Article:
Federal Oil Pollution Prevention Regulations require that any facility that stores over 1 million gallons of oil must consider whether they need an FRP, however, there are many exceptions. Find out if any of them apply to you.
Federal oil pollution prevention regulations, as found in 40 CFR Part 112, require that any facility that stores over 1 million gallons of oil must consider whether they need to develop a Facility Response Plan, or FRP. These oils can consist of a variety of petroleum and non-petroleum products. Should the facility experience a catastrophic release, the main concern would be the potential impact to the environment and other sensitive resources.
Who Needs a Facility Response Plan?
The regulations outline necessary emergency planning efforts required – including notification, training, and equipment management – which qualifying facilities must have in place as part of their FRPs. Obtaining and managing these plans, in addition to performing the required annual response exercises, can be quite costly for a large facility. However, the regulations also include a reasonable exception to the FRP requirements; namely that if it can be shown that no sensitive environmental, cultural, or human health resources would be impacted by a release, then an FRP is not needed.
While a facility would still have to maintain Spill Prevention, Control, and Countermeasure (SPCC) plans for instances where they store 1,320 gallons of petroleum or more, an FRP (with its associated expenses) may not be needed. This may allow some rail facilities to better focus their expenses on other concerns while still managing their oil storage in an environmentally conscientious manner.
Updating an Existing FRP
When considering whether to update an existing FRP, facility leaders need to first ask themselves if they even need an FRP. The most important question is whether or not a catastrophic release of fuel from tanks would impact a sensitive resource (a list of which is set forth in Appendix C of the regulations.) So even if they store more than 1 million gallons of oils onsite, a facility may not be required to maintain an FRP after all.
If the facility can answer “no” to the following three questions, an FRP may not be needed:
- Is the facility located at a distance such that a discharge from the facility could cause injury to fish and wildlife and sensitive environments?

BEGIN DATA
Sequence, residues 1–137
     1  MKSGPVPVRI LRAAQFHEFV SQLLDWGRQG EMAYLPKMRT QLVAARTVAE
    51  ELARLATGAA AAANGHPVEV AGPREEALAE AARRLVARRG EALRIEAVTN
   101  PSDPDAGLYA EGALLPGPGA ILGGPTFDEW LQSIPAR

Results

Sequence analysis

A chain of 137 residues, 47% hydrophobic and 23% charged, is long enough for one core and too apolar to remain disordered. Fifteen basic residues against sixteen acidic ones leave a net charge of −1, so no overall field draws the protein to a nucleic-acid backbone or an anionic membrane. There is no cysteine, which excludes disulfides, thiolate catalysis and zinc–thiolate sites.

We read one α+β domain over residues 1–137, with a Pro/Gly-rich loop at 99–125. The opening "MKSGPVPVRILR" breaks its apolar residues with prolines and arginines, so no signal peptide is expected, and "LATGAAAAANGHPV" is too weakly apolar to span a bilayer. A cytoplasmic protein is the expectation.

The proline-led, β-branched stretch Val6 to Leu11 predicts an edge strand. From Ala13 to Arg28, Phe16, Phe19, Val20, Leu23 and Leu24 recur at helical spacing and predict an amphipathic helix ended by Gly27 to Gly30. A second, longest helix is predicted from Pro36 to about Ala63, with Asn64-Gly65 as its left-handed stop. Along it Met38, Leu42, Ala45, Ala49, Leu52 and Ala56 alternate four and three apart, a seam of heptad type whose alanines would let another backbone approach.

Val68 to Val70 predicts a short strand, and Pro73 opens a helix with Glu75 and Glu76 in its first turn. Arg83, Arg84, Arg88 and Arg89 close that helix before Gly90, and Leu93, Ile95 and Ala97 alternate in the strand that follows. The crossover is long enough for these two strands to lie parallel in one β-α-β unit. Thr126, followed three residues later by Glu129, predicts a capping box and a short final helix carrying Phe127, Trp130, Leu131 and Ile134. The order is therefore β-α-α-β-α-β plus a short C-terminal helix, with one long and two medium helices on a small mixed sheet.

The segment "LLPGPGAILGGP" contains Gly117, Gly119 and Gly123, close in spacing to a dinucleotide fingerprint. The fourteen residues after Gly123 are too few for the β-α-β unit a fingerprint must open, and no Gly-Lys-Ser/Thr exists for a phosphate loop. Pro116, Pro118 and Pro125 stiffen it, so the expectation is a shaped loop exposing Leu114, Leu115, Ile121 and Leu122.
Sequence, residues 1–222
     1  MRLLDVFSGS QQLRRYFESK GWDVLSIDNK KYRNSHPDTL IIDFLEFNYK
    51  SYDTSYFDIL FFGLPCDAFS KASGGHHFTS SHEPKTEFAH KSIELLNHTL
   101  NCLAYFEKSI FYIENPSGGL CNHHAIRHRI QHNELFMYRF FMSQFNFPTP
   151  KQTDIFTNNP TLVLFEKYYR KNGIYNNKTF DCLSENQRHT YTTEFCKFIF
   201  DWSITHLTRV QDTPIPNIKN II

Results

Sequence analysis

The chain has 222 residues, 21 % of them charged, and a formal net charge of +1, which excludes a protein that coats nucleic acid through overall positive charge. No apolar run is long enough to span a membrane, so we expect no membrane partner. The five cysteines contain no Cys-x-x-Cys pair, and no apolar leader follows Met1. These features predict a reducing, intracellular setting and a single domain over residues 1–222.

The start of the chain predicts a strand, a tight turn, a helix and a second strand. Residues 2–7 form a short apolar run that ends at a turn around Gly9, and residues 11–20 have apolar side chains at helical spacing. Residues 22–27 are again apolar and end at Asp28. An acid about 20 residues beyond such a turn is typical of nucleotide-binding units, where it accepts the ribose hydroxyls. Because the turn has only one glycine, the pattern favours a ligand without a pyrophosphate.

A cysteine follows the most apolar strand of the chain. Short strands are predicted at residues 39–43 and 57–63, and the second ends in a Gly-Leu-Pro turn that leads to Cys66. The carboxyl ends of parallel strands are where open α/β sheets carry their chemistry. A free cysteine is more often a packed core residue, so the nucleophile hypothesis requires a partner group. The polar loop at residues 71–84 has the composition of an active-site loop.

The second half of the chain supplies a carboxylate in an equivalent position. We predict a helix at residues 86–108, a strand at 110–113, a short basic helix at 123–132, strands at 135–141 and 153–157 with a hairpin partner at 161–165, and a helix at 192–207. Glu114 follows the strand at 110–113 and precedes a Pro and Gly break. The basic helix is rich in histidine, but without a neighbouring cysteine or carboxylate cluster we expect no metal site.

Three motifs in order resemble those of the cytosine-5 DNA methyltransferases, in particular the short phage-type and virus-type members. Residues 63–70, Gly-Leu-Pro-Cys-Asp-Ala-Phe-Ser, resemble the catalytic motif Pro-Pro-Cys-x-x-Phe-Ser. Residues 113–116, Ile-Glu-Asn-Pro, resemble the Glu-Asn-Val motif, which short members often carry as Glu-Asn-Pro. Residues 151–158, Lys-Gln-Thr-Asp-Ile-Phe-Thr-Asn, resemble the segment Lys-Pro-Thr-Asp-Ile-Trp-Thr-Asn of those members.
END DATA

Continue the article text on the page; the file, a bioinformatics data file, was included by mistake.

- Is the facility located at a distance such that a discharge from the facility would shut down a public drinking water intake?
- Has the facility experienced a reportable oil spill in an amount greater than or equal to 10,000 gallons within the last five years?
If the answers to all three questions is “no,” then the facility will not cause substantial harm to sensitive resources, and therefore an FRP is not needed.
Considerations for New Facilities
The same questions can be asked before considering construction of a new facility in order to prevent the need for an FRP from ever arising. While a new facility would not have any historic reportable spills greater than 10,000 gallons (unless it was being built on an existing storage yard), the other two questions—whether sensitive resources are located nearby and whether there is a drinking water intake downstream—are worth considering.
If the tank farm can be located where either natural features or engineering controls would keep a catastrophic release isolated and contained, this could prevent any impact to sensitive resources and thus save time and money for the company. In an upcoming blog, we will explore how a facility can determine whether sensitive resources are present, how to model the release, and how to understand potential modeling outcomes and their impacts to your facility, so make sure to check back soon.
Whether you are planning on updating your FRP or constructing a new facility that might require an FRP, Antea Group can help. Contact us today to get started.
Want more news and insights like this?
Sign up for our monthly e-newsletter, The New Leaf. Our goal is to keep you updated, educated and even a bit entertained as it relates to all things EHS and sustainability.Get e-Newsletter
Have any questions?
Contact us to discuss your environment, health, safety and sustainability needs today.